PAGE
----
Avatar Exercise | Shelley Rostlund

Avatars – Know Them, Create For Them

Mar 19, 2022 | Customers
Small businesses, in general, have a much closer relationship to their customers than larger corporations do. This puts you in the unique position to create incredibly relevant and moving content and messaging. The kind that:
  1. attracts the right people to your brand, and
  2. automatically dismisses  (or filters out) those are not right for you.

The word “avatars” is a useful word for you to use that encapsulates ‘target audience’, and also gives you the embedded command of thinking of a character. (Giving them a face and a personality).

By being able to almost visualise the avatar down to personality traits and wants/needs – will help direct you to creating the kind of content that will attract exactly the right customer (or audience you are aiming for).

I’m going to give you my top tips to understanding avatars.

TIP 1: Avoid generalisms, embrace personality

Does this sound familiar: “My customers are anyone between 18 and 50, who have money to spend.” (Or something of that ilk). In other words…”EVERYONE wants what I have to sell”.

Once you focus on your avatars and do a proper avatar exercise – it becomes glaringly obvious why a ‘spray and pray’ marketing philosophy does not work with content marketing today.

The more you can hone your message towards specific avatars…the better interaction and therefore longer term conversion (and retention) rates you will achieve.

TIP 2: Recognise your 4 types of Avatars

When you do your avatar exercise to uncover who they are, what their traits are, how they make decisions, what their pains / challenges are, or how you can solve their issues – remember there are five types of avatars in your business:

Type 1 – Customers

This is the most obvious type and is all about the best / perfect customer that you want to attract more of. It is possible that you can have multiple customer avatars, but its best to start with your ideal one, then work from there. You could also define the same avatar – but at different points in the buying journey. (This affects different usage of copy, content or promotional messaging).

Type 2 – Partners

This avatar relates to who you may want to find to partner with you in your business to help you grow. They could be business partners, joint venture partners or investors.

Type 3 – Advocates

These are specific people who are big fans of your work, your products, your brand and they want to help you to promote your business. They could be recruited for varying types of agreements with you – so you could be looking at (a) Brand Ambassadors, (b) Brand Advocates and or (c) Influencers. (These relationships have varying degrees of contractual obligations, remuneration and will also be managed by terms of agreement).

Type 4 – Team

This could be your own team in the business or looking for suppliers to work with.

TIP 3: Review “Ideal”…over time

Once you have done your avatar exercise – do not sit on your laurels. You need to review your avatar detail each year and double check that they are up-to-date.

Buying behaviours and touch points change over time. You need to stay on top of this to stay competitive and also to make sure you are ‘hanging out’ (marketing and comms wise) where your customers expect you to be – for them.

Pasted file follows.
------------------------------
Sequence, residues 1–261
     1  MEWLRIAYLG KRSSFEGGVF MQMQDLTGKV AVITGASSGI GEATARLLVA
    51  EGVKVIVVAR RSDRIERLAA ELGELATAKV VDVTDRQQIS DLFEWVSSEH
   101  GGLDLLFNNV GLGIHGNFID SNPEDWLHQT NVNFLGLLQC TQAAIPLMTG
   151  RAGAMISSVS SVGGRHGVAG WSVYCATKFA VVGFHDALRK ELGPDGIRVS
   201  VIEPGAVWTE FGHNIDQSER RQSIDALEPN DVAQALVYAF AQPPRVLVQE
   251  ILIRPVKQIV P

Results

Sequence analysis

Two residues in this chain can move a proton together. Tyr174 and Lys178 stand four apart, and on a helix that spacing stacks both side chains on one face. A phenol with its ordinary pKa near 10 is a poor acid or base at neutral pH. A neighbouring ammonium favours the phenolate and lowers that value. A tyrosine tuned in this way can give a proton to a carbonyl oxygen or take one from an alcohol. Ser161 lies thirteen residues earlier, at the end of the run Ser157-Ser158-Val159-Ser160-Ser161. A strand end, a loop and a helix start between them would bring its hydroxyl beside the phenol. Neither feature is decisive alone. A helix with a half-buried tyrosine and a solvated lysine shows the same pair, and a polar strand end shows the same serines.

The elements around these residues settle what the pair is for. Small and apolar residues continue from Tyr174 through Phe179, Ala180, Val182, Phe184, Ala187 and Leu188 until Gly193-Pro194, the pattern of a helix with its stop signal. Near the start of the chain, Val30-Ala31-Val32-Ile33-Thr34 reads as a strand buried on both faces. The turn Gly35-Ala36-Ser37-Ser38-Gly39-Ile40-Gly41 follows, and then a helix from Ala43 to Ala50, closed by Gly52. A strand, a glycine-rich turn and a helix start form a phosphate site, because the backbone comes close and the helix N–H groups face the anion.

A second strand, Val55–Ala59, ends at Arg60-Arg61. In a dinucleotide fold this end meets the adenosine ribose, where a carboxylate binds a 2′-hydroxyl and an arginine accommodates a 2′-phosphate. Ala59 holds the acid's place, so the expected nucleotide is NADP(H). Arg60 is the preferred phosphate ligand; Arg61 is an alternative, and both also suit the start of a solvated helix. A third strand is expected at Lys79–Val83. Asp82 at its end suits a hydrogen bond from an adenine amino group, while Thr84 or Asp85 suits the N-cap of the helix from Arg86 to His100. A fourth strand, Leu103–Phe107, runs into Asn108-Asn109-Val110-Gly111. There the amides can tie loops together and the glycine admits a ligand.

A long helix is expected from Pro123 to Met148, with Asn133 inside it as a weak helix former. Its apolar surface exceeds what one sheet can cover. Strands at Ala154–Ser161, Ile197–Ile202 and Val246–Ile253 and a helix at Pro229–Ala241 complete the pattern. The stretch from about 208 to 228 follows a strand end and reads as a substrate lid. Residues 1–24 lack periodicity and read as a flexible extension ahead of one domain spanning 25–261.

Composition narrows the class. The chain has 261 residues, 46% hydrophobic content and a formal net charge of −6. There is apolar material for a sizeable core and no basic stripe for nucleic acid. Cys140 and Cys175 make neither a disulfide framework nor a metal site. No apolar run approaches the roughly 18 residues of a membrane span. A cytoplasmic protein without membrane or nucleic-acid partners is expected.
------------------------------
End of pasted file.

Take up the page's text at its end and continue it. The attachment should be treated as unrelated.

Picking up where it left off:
I suggest reviewing avatars once a year – when you do your annual review of your strategic digital (web, social, comms) objectives.

TIP 4: Match Avatar to Offer

When you are looking at your value ladder, ensure that you are matching your avatar work to your ladder. This way you are ensuring that your services or products are indeed catering to your customer avatars (and vice versa). Also – when you are stating or setting your business objectives for your marketing strategy – make sure you focus on which avatars are the ones that you should be focussing on to achieve your objectives.

TIP 5: Archetypal Marketing to Avatars

A bonus tip here. If you fancy it, I would look at archetyping your avatars (if that’s a phrase!) I have written an article on Brand Archetypes, which may be handy to read for this. Similarly as you would identify your own archetype to establish your brand personality, you could use the archetype framework to see if your ideal customers (or other avatars) fit one or more of the archetypes.

If they do, them the framework could help you to know how to market to them and create the kind of messaging that will subliminally attract them to you. (Use of words imagery, call to actions, etc).

Undertaking an avatar exercise is a key part to creating the right content as well as ensuring that your brand strategy is in line with your vision.

The people you want to attract to work with you – either as partners or as customers – are very important to your business. They are crucial to your business’ longevity and success.

In my Brand Compass Programme, we spend a good amount of time working on your 4 types of avatars. Its like a mini-course with the programme. We dig deep on their personality traits, their buying signals, their aches and pains, how you solve them, and then create a content marketing roadmap for you.

The map helps you to create content that is focussed, on-topic and preplanned (includes top level themes, topics and titles).

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